Conventionally we designers – or any of us who challenges to solve any problem – start working by receiving a brief from client in one way or the other. Often we find ourselves scratching our heads asking, “Is this really what we should do for what our client want?”.
while putting a great deal of effort downstream to devise affirmative answers to the question. But, what if the problems were not framed properly? What if the problem was challenging the symptom of a problem not the source of the symptom?
If we consider a design solution to be a result of consecutive decision making, we can say that the work of design has started already in creating a design brief. A brief is a comprehensive written document for a project developed in concert by a person or a team representing the need for solution and the designer and focused on the desired results of work – not aesthetics.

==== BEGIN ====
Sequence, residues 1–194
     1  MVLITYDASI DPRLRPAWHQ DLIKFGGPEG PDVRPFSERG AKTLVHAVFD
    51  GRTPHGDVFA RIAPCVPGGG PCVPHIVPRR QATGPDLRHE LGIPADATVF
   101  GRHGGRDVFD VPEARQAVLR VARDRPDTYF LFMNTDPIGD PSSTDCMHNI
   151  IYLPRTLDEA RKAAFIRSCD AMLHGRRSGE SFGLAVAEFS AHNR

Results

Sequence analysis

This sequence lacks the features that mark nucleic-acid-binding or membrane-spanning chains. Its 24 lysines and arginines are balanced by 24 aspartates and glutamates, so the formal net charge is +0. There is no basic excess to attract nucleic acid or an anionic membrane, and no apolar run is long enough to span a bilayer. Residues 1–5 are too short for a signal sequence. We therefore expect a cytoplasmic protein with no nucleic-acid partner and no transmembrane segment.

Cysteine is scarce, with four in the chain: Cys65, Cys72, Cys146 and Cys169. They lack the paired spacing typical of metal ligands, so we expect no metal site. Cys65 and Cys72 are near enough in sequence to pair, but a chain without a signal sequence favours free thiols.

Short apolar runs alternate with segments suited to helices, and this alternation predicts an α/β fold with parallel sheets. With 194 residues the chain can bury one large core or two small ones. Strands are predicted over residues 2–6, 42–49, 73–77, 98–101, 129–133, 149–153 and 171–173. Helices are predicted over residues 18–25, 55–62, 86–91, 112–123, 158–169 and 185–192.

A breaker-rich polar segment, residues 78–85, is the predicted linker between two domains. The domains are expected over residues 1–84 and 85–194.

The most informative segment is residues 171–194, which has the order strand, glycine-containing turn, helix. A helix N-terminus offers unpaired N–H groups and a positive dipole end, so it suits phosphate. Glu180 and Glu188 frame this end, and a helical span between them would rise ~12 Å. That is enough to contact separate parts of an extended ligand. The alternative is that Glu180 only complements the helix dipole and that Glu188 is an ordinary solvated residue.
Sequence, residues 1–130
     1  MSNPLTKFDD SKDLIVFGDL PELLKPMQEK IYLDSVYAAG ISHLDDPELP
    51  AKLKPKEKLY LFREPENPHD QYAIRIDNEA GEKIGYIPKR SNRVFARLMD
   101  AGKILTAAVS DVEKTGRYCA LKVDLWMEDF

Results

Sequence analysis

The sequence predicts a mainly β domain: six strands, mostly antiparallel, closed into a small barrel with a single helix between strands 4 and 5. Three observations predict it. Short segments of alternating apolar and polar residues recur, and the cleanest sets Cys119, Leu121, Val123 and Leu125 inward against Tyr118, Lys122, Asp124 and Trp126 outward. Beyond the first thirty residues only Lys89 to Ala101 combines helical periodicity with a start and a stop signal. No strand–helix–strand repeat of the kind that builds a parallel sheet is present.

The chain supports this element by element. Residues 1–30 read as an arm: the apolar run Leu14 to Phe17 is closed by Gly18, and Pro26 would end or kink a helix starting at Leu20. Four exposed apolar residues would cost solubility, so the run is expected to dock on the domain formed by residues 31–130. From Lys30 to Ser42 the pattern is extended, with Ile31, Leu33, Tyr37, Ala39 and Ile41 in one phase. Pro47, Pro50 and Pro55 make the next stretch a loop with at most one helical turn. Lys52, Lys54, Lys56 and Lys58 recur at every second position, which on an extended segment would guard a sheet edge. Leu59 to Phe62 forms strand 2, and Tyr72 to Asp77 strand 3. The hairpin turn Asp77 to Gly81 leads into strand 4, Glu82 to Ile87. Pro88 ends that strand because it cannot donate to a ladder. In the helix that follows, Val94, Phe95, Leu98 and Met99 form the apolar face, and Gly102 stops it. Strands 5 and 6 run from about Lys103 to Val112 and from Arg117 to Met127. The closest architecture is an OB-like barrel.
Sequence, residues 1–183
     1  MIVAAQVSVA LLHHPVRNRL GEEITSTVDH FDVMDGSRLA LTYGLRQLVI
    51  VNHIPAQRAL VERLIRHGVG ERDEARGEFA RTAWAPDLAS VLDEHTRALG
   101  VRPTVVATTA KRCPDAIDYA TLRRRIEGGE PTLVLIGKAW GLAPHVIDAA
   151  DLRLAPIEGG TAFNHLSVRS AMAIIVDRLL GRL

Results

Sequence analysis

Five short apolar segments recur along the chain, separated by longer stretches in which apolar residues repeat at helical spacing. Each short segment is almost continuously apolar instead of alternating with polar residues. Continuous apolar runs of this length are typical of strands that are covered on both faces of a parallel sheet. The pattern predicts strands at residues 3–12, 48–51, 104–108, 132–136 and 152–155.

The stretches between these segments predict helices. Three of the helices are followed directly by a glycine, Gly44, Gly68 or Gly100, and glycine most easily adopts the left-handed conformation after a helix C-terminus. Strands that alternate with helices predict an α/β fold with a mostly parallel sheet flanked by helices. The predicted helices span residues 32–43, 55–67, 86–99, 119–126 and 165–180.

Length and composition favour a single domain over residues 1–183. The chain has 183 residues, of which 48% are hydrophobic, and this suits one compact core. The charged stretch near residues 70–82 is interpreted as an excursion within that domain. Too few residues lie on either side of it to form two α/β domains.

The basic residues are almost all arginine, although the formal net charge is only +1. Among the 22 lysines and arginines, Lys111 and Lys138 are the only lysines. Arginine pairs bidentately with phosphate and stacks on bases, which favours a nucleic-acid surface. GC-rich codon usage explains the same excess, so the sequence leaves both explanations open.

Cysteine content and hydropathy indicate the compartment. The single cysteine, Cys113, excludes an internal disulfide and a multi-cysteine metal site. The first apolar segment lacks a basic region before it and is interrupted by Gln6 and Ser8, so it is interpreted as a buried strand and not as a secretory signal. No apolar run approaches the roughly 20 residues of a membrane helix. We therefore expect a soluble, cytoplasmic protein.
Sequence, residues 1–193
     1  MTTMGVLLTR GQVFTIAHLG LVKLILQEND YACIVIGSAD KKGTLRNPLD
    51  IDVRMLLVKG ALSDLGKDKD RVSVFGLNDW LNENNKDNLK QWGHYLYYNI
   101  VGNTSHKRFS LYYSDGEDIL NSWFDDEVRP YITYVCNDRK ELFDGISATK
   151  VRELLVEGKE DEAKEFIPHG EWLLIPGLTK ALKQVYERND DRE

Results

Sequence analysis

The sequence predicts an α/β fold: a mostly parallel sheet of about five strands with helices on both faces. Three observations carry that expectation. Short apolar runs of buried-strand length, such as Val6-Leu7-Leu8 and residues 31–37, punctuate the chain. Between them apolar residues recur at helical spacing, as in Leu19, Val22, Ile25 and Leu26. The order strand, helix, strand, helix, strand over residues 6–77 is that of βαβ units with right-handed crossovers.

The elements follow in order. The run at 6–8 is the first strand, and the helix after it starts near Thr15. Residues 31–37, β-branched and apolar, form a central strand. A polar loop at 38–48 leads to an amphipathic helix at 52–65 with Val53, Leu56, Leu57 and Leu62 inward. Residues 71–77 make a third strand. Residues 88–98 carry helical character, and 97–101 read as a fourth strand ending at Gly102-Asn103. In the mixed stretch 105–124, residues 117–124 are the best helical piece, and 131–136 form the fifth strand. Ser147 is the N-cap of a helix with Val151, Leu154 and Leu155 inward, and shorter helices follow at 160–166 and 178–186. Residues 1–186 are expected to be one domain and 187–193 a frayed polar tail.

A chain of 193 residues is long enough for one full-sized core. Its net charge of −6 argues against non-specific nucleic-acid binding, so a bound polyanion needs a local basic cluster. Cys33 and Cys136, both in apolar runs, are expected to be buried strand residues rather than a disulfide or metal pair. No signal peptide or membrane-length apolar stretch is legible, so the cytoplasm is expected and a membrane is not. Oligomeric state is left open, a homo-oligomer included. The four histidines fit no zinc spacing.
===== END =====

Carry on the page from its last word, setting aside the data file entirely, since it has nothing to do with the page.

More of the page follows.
So what if I get a project from a government to solve the problem of beef production and consumption? The first thing I would do is to receive a design brief, deconstruct it, and reconstruct. In doing so, I would meet as many experts as possible, and collect as much information as possible. Then, I would set up some directions, not definitive ones but ideas for further investigation.